Electroencephalogram - EEG
A routine EEG is a cost-effective way to quickly assess and aid in the diagnosis of a variety of neurological problems including seizures, stroke, brain tumors, encephalopathy, head injury, encephalitis and organic causes of mental health symptoms.
What it is
A routine EEG is a painless test that measures the electrical activity of your brain. An EEG includes video and is performed by registered EEG technologist.
Good for detecting
EEG can assist in diagnosing a neurological problems such as seizures, stroke, brain tumors, head injury, encephalitis, encephalopathy and organic causes of mental health symptoms.
What to expect
A routine EEG is a 30-minute recording, but special requests for recording up to two hours may be accommodated. Bedside recordings are possible on medical floors.
Continue to take any medications prescribed by your doctor, unless instructed otherwise. Bring a list of your current medications.
You will relax on a bed. The technologist will measure your head, part your hair and mark your scalp with a wax pencil. Then, a gritty lotion will be applied and electrodes are placed on your scalp. The room may be darkened.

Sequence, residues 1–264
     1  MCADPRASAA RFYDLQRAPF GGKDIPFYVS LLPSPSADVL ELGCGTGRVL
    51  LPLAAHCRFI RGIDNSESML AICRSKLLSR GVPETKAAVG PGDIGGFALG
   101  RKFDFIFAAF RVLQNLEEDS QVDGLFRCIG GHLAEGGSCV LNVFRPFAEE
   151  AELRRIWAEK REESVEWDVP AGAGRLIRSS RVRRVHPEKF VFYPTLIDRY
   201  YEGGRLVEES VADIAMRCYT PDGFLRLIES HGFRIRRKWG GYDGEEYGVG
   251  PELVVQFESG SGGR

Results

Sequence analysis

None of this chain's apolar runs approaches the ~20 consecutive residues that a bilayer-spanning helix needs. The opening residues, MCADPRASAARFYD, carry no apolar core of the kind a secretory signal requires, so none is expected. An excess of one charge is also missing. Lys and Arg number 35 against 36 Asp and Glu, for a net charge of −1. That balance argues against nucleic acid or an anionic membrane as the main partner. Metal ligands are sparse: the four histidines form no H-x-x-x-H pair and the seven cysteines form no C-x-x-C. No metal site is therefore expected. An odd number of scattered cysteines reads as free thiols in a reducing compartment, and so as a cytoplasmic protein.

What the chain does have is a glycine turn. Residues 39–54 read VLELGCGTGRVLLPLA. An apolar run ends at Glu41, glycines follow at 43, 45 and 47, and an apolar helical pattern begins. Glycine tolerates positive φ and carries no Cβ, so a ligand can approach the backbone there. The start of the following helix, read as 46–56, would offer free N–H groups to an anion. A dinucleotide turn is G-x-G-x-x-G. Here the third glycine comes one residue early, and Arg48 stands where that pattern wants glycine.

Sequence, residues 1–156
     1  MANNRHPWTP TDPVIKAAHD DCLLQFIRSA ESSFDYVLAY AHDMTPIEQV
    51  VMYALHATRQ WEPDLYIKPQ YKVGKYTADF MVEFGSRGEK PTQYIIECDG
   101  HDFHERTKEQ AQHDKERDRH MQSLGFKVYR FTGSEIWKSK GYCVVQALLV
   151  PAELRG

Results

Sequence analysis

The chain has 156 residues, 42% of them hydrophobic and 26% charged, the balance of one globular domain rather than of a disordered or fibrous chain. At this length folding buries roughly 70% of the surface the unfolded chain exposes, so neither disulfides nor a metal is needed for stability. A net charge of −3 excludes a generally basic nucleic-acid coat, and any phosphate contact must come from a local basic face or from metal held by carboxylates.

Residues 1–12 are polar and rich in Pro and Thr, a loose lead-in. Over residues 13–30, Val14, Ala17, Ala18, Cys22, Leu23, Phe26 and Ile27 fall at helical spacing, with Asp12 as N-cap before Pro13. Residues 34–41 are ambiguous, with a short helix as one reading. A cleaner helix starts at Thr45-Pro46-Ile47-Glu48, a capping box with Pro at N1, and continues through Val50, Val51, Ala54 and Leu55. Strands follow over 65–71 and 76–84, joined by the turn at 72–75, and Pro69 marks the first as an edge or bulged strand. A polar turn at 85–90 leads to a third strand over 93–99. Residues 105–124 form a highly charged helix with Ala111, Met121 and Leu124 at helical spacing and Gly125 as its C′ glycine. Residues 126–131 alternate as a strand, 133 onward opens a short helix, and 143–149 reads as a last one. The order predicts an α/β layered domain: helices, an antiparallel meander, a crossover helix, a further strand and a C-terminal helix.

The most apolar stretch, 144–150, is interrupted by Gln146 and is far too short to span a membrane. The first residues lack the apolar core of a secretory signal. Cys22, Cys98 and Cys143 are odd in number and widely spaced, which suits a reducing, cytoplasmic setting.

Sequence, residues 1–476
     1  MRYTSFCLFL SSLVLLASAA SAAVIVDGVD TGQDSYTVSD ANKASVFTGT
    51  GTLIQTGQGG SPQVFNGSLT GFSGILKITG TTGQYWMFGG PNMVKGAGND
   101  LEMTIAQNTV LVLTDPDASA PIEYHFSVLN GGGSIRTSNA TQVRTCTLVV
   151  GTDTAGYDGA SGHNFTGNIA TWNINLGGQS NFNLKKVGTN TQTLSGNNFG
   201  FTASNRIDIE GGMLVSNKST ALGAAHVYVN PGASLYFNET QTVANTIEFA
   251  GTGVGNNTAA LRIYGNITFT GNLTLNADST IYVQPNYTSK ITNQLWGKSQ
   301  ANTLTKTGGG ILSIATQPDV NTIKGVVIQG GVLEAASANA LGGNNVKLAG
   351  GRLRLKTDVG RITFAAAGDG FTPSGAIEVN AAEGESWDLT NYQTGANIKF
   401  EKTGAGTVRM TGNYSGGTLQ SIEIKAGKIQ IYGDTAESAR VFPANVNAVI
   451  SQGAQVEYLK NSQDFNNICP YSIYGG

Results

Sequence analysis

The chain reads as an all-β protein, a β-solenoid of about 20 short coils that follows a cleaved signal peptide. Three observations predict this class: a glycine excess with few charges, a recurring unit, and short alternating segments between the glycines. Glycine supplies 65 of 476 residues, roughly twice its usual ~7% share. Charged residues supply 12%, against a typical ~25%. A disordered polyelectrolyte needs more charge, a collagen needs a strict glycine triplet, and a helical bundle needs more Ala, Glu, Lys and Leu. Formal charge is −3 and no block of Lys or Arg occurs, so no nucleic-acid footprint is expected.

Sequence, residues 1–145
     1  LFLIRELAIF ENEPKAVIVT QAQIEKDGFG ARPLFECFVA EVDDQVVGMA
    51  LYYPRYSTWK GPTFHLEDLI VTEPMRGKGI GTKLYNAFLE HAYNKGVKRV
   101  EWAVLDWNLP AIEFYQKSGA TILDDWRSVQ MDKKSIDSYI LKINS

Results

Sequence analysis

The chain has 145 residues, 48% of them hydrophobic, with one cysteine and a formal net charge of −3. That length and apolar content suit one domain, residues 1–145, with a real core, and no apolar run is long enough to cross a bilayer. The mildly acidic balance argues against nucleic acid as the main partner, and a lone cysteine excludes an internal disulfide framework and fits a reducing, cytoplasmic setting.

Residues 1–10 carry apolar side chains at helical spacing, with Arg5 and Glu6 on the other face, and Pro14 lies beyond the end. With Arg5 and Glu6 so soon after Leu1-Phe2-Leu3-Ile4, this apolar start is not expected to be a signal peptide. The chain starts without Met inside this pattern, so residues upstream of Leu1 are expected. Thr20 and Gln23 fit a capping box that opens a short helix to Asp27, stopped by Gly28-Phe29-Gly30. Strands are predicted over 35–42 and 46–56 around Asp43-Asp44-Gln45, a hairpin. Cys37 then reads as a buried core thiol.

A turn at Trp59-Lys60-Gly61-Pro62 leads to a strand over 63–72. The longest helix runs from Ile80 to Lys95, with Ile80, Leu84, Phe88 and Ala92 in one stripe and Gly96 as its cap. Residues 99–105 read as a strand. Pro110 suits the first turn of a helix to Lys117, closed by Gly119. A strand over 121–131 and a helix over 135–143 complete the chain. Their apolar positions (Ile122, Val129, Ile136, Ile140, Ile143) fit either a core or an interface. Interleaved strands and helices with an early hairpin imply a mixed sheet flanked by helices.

While you rest with your eyes closed, your brain’s activity is recorded and the data saved to a computer. You will not feel anything during the recording. The test may include breathing deeply and quickly; looking at a bright, flashing light; opening and closing your eyes; and counting or answering questions. The technologist will remain in the room with you during the test.
A neurologist will review and interpret your EEG recording. The results will be sent to your referring physician. A copy of the EEG recording is available on CD upon request.
After the test, you may resume your normal daily activities.
Good to know
Abbott Northwestern Hospital’s EEG Lab has been accredited by the American Board of Registration for EEG and Evoked Potential Technologists (ABRET) since 2008.
Reviewed by: Ellie Madison
Last reviewed: 8/2/2018